Tuesday, December 20, 2011

Jalapeño ristra

Like last year, we planted jalapeños in one of our raised vegetable beds. Since the summer of 2011 was less hot than normal, it took noticeably longer for the peppers to ripen. I like to leave them on the plant until they’re bright red because I prefer the rounder, fruitier taste of fully mature jalapeños to the far more pungent and far less complex taste of green peppers. However, with Christmas almost upon us and day-time temperatures rarely exceeding the 50s, there’s really no way the jalapeños will continue to ripen.

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Jalapeños in a raised bed

On Sunday afternoon  I proceeded to pull out our lone jalapeño plant. After I cut off the roots, I tied the stalks together with twine and hung them under the roof of our front porch. Instant ristra!

                                                                                                                                   
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Jalapeño ristra
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Some peppers have already started to dry
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Do you see the face?

After the peppers are dry, they can be ground into powder or rehydrated in soups or stews. If I had a smoker, I’d smoke the fresh peppers to make chipotles.

I also tried some other hot peppers this year. I started four types of chilhuacles, a rare Mexican pepper used in the famed Oaxacan black mole sauce, from seed. Unfortunately, all seedlings but one were destroyed by hail in mid-May; the remaining one didn’t flower until fall and never set fruit. I also bought two mulato plants, but they only produced a total of four peppers. I think 2011 simply wasn’t a good year for peppers, just like it was a lousy year for tomatoes. We do need a string of 100°F+ days in the summer for these sun-loving plants to do their best.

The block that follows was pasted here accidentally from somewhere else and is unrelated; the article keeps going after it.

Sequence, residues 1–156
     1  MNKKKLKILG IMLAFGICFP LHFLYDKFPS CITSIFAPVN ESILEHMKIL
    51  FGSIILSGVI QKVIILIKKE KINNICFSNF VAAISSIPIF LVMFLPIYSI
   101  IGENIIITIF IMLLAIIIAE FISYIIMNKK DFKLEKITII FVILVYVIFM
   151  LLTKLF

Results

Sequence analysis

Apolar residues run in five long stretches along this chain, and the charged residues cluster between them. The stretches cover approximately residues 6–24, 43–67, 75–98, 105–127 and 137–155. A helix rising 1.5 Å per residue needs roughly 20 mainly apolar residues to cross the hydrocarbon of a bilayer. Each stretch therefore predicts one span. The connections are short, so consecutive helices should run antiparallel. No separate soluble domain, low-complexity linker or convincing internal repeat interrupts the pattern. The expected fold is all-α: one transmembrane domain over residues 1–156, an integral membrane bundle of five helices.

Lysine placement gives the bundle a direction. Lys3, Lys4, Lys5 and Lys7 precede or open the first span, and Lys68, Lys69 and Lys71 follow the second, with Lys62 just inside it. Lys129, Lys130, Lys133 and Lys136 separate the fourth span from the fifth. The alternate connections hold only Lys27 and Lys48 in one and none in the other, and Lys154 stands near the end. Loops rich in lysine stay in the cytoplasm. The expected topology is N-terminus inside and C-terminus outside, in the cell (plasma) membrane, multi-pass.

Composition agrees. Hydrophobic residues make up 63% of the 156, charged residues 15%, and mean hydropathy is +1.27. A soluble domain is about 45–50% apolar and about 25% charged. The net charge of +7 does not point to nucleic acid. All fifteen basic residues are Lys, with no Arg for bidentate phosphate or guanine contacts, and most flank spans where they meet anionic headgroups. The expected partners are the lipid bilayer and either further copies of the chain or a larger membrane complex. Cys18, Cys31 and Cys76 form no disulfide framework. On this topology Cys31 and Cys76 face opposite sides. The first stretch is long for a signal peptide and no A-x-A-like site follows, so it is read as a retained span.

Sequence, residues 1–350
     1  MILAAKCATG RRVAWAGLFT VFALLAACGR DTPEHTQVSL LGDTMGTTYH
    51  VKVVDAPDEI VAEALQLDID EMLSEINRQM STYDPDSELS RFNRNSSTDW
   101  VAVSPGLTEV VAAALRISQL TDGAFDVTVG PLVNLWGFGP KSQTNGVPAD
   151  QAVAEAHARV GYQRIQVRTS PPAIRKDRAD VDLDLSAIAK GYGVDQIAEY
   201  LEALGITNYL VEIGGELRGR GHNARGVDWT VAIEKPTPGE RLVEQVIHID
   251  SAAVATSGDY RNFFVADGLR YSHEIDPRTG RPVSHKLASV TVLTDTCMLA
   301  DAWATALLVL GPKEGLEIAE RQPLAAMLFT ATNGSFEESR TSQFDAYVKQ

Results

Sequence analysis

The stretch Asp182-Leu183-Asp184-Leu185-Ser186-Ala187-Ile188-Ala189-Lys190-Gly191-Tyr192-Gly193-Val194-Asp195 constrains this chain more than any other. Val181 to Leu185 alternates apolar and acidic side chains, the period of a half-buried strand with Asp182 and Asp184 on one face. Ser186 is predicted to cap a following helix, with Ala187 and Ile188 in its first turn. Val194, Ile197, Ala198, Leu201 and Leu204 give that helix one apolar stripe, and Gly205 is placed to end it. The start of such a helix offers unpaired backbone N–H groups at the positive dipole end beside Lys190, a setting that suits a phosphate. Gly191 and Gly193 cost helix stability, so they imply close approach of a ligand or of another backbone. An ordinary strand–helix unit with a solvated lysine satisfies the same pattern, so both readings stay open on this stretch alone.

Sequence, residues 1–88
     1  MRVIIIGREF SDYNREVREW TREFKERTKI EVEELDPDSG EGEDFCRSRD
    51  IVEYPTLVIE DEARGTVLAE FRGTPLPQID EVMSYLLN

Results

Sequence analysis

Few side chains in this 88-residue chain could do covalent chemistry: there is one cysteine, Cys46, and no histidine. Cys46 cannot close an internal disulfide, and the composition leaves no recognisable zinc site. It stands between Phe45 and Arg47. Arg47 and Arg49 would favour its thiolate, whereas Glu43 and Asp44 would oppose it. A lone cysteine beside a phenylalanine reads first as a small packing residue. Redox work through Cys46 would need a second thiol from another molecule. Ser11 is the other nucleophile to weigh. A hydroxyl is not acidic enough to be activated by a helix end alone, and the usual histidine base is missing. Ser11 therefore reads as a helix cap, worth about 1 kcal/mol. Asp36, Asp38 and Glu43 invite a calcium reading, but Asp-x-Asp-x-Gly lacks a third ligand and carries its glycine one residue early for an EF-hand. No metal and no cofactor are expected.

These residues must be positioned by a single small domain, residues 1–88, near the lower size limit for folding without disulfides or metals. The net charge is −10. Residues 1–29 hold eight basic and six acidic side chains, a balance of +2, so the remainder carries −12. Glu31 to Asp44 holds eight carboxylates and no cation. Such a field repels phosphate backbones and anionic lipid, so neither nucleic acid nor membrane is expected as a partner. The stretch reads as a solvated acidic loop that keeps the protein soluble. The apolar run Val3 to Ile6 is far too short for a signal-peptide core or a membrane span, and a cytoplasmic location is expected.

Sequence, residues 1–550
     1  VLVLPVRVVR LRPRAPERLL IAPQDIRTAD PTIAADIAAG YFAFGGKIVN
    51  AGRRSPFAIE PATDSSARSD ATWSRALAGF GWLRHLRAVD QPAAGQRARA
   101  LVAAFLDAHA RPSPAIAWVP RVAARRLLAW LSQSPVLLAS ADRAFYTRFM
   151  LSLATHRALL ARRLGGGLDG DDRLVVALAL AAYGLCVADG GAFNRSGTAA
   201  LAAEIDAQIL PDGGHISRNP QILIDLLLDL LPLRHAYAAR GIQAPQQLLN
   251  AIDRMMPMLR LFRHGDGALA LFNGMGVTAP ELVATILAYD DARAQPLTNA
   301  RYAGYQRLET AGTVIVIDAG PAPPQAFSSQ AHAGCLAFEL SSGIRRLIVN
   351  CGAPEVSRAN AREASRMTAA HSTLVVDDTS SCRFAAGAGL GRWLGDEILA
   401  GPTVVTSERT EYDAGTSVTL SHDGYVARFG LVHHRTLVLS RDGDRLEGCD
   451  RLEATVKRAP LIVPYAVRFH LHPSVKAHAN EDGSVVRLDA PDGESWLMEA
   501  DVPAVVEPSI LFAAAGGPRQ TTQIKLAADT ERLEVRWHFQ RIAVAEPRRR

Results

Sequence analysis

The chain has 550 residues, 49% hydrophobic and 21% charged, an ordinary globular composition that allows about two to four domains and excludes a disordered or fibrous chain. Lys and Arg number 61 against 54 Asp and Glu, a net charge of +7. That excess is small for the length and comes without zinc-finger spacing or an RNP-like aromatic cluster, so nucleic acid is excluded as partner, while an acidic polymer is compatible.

5 comments:

  1. I don't cook with a lot of hot peppers but I enjoy growing them. It's a shame my garden is rarely hot enough to give them they conditions they love. Nice shot of the pepper face, attention to detail!

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  2. It's almost worth growing chillies just for decorative purposes alone, with the stalks tied together and hung to dry in the kitchen which adds 'warmth' to the atmosphere :)

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  3. I learned this year that all (?) pepper plants are perennials. I brought a potted one in for the winter and will see what happens. I've always grown from seed every year.

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  4. I think peppers are highly ornamental. In fact, the last time I was at Home Depot, I saw a pepper plant shaped like a Christmas tree, complete with tiny peppers in different colors, sold alongside traditional holiday plants like poinsettias.

    I received a ghost pepper in a trade earlier in the year and it never grew large enough to flower and fruit. I dug it up last week, potted it, and am keeping it inside for the winter. Curious to see if it will survive.

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  5. I saw a smoker in a YS last weekend. Let me know and I will pick you up one when next seen!

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